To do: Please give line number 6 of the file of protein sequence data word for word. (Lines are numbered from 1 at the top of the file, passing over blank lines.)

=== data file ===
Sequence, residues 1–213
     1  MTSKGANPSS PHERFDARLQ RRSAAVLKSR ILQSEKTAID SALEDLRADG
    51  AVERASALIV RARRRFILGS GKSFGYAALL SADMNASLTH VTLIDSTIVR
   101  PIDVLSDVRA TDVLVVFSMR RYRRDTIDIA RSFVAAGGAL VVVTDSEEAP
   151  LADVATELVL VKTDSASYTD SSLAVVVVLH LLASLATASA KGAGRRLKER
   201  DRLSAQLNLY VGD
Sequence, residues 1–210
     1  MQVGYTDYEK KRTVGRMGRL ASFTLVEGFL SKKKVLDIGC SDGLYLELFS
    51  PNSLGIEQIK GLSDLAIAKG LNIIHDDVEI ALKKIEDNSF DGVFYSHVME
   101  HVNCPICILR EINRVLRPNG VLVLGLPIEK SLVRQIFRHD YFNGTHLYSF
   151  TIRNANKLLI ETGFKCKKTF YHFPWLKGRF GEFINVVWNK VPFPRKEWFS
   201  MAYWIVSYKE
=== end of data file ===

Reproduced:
   201  DRLSAQLNLY VGD